GDPR

It’s hard to think of information that feels more personal than data about our own health. Yet we’re generating and monitoring more health data now than ever before. From specific technology designed to help manage certain medical conditions to home monitoring tools, there are more and more digital options to help manage patient health. The benefits are increasingly clear. Remote patient monitoring and teleconsultations have already helped to maintain a high standard of patient care during the COVID-19 pandemic. Hospitals and general practitioners regularly share electronic health records to help healthcare professionals get comprehensive insight into a patient’s overall health condition and thus ensure more efficient treatment between disciplines. Patients are increasingly taking advantage of the opportunity to keep a closer eye on their own health. Statistics show that the number of wearable devices and digital health tools has increased in Europe over the last years. So, how do we know this data is safe? I believe innovation and data protection can mutually reinforce each other – and digital innovation need not come at the expense of data protection and privacy. As a lawyer specialising in IT law and working in medtech, data protection laws are a key focus. Working with my team at a global medical device manufacturer, I have a bird’s eye view of the various regulations that apply in virtually every part of the world. We also work on ways we can better use data to create value for healthcare professionals and empower patients in managing their health in an increasingly connected world. Data security is one of the top priorities in the development of healthcare innovations within my company and requirements are constantly evolving with advancing technology and digitalization, particularly when we consider cloud services and connected health applications. This results in a continuous need for...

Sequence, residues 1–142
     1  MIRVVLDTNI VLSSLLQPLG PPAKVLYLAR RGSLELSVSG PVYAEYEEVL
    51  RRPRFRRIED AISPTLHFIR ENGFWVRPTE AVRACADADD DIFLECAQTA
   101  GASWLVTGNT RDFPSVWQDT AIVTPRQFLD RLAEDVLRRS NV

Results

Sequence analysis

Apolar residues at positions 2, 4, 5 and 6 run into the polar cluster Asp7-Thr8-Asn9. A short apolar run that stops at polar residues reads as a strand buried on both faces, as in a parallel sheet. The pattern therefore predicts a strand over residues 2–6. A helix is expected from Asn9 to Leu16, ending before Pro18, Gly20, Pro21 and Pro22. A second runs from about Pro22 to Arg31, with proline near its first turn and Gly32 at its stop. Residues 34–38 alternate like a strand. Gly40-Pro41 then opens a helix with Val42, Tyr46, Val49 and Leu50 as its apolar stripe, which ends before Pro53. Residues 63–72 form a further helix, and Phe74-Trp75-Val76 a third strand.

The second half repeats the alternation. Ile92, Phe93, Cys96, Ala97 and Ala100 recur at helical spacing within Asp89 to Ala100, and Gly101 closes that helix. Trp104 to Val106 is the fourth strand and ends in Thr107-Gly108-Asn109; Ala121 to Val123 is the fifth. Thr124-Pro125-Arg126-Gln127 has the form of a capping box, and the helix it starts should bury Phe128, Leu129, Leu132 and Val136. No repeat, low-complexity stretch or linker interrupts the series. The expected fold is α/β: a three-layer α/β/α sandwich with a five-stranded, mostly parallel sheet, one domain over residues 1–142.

I believe that data has the power to transform patient care. But do the legal and regulatory landscapes in Europe and around the world pose some sort of obstacle to digital health innovation in the medical technology sector? This is a hot topic right now as patients – indeed, all citizens – become increasingly aware of data security issues. Privacy and data protection have caught a tailwind in the United States in light of several large data breaches and the revelation of the mismanagement of citizens’ personal information. This has manifested in the passage of the CCPA in California, as well as the proposal of multiple other state and federal levels privacy bills. Conversely, a data protection regulatory framework has been in place in the EU for decades (the Data Protection Directive came into effect in 1995). However, with the passage of time and the incredible technological leaps we have seen over the past decade, the old framework was poised for a facelift. That came in the form of the GDPR. In my opinion, there is no question that the use of data has the potential and ability to provide better healthcare options to patients, ranging from monitoring to diagnosis, to patient counseling and treatment management. However, I think rather than view the GDPR and other regulatory instruments as barriers to entry or insurmountable hurdles, companies should instead shift their perspective. Perhaps data protection rules present an opportunity to rethink approaches and to find the correct balance between safeguarding individuals’ health data without creating significant practical and logistical hurdles. I addressed this issue at AdvaMed’s third annual Digital MedTech Conference in May. The event was a chance to discuss differences and similarities between regulatory approaches, and to put to bed some “fake news” surrounding digital health and data protection in...